Six Amazing Dollhouses (and Where You Can See Five of Them)
It’s All in the Details
Ever since my childhood, I’ve been a little fascinated with dollhouses. There is something magical about seeing a slice of everyday life shrunk down into miniature. And the more details there are, the more magical it becomes. Here are five amazing dollhouses from around the world that are on my bucket list to see, plus one I’ve already seen.
Tara’s Palace, Ireland
Our first notable dollhouse gives such an authentic display of life in a bygone era that its full name is Tara’s Palace Museum of Childhood. The dollhouse has 22 rooms done on a 1:12 scale, set in the Georgian era. The rooms contain miniature masterpieces, hand painted ceilings and hand crafted wooden and marble floors.
It took over 20 years to build and furnish this dollhouse! A collection of items made by Napoleonic prisoners of war is especially noteworthy. The prisoners carved figures from bone pieces that they kept from their scarce rations.
Tara’s Palace is part of the Powerscourt House & Gardens, Enniskerry, Co. Wicklow, Ireland. Telephone +353 1 2748090. Hours are Monday to Saturday 10 am to 5 pm; Sunday and Bank Holidays noon to 5 pm.
Fairy Castle, Chicago
Colleen Moore was a silent film star who enjoyed dollhouses as a child, then decided as an adult to design the dollhouse of her dreams. Beginning in 1928, she set about enlisting the services of talented individuals who could bring her dream dollhouse to life. She started with Horace Jackson, an architect and movie set designer who wanted the dollhouse to “have no sense of reality.” This was because the dollhouse was going to be not just an ordinary dwelling, but rather an enchanted castle.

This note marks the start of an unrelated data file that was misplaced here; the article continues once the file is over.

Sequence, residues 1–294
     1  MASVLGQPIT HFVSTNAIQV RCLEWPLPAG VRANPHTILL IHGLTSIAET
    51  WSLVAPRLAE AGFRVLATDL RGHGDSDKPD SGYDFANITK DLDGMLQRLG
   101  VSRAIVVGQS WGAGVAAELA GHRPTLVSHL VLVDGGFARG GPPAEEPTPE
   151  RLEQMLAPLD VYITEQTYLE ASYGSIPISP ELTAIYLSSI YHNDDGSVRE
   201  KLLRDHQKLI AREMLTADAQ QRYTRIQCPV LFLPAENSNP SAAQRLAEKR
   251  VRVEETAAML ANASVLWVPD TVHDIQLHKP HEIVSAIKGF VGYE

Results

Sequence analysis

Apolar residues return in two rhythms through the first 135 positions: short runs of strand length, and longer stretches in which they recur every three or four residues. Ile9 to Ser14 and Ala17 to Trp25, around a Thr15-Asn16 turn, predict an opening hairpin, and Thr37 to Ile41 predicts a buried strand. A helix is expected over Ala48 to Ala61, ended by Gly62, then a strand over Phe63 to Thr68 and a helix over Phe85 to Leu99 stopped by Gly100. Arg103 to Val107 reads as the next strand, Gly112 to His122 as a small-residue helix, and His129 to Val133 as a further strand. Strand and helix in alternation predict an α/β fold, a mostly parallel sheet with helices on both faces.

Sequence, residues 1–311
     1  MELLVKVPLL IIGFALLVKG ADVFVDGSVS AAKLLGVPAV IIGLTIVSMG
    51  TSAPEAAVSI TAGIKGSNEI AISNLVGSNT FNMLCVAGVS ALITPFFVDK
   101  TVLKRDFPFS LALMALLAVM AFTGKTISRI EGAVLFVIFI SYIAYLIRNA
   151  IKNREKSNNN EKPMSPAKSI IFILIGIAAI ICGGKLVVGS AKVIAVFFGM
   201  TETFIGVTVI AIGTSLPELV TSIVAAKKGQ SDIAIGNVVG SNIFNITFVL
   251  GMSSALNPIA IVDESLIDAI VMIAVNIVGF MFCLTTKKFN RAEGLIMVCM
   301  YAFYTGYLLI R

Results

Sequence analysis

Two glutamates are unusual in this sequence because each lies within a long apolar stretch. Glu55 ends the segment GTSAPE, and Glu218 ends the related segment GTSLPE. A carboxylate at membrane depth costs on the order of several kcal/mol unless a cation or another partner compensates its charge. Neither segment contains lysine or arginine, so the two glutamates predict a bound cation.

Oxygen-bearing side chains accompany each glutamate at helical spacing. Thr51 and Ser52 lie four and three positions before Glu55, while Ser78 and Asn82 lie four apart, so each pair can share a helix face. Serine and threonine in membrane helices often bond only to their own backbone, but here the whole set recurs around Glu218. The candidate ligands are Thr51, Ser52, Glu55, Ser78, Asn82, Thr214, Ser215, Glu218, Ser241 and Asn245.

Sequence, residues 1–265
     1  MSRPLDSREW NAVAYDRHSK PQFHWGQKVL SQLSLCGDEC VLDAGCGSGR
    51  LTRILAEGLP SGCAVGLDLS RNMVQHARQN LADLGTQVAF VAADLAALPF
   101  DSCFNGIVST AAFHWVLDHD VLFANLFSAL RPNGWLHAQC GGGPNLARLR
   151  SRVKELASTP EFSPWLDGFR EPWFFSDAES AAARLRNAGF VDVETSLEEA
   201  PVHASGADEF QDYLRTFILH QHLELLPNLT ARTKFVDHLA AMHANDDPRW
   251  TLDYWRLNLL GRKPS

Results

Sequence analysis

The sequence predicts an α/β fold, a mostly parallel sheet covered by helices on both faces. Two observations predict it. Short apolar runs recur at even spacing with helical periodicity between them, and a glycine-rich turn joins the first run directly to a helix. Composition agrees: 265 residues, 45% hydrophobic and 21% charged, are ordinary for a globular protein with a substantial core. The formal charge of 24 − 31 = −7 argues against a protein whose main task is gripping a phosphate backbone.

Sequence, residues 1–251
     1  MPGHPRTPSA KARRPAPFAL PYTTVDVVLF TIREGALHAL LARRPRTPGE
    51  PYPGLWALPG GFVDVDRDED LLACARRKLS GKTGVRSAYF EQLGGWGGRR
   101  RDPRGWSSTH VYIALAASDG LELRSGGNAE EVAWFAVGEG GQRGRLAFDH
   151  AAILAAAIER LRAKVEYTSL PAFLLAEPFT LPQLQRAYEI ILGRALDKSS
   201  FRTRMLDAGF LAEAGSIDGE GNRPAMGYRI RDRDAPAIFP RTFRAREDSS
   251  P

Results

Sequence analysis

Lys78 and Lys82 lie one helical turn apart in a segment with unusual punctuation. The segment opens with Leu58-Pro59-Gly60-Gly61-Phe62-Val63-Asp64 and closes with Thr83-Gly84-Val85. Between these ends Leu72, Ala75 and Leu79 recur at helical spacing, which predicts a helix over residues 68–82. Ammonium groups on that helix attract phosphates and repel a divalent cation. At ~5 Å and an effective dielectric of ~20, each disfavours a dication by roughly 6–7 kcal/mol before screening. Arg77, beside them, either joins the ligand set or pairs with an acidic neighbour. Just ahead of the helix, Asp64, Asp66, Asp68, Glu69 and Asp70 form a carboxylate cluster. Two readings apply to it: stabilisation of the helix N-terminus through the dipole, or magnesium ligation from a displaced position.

She also brought on her own interior designer, Harold Grieve. All told, over the next seven years, over 100 people worked on making Moore’s dollhouse dream become a reality. As dollhouses go, it’s pretty big, measuring 8’7″ x 8’2″ x 7’7″ and containing over 1500 miniatures. As impressive as the size is, however, it is not at all cumbersome. The castle breaks down into 200 separate modular units for easy storage and/or shipment.
When the Fairy Castle was finished in 1935, it was valued at $500,000. Its current worth is estimated to be about $7,000,000.
You can see Colleen Moore’s fairy castle at the Museum of Science and Industry in Chicago, located at 5700 S Lake Shore Drive, Chicago, IL 60637. Telephone: 773–684–1414.
Queen Mary’s Doll’s House, England
Queen Mary’s Doll’s House was made in the early 1920s for Queen Mary, wife of King George V. Because the intention was to show the doll’s house at the Empire Exhibition in 1924, it also served as a magnificent showcase for British workmanship. Craftsmen from all over the country, including many royal warrant holders, created the contents of the house to show off the best arts and crafts of the day.
The designers of the house recreated every detail as if building a real home — dovetailed joints on the furniture, the royal cipher embroidered on sheets, properly upholstered chairs and sprung beds. My favorite room in the house is the library, filled with original works by the top literary names of the day. Other features include a fully stocked wine cellar and a landscaped garden. The Dolls’ House even includes electricity, running hot and cold water, working elevators and flushing toilets.
Lest anyone forget, the House incorporates many reminders that it was made for a royal family — the Strong Room contains a complete set of miniature crown jewels; a flowery trellis on the ceiling of the King’s Bedroom includes the opening bars of the National Anthem in its design; and the Saloon holds a pair of miniature throne chairs. The Queen added her own items to the House, too, including a miniature dolls’ tea service in copper (presented to Queen Mary by her mother) and a small model of a mouse made by the firm of Faberge.
Queen Mary’s Doll’s House is on display at Windsor Castle, Windsor, Berkshire SL4 1NJ. Telephone: +44 (0)303 123 7334. Hours vary by season; check the web site or call when planning your visit.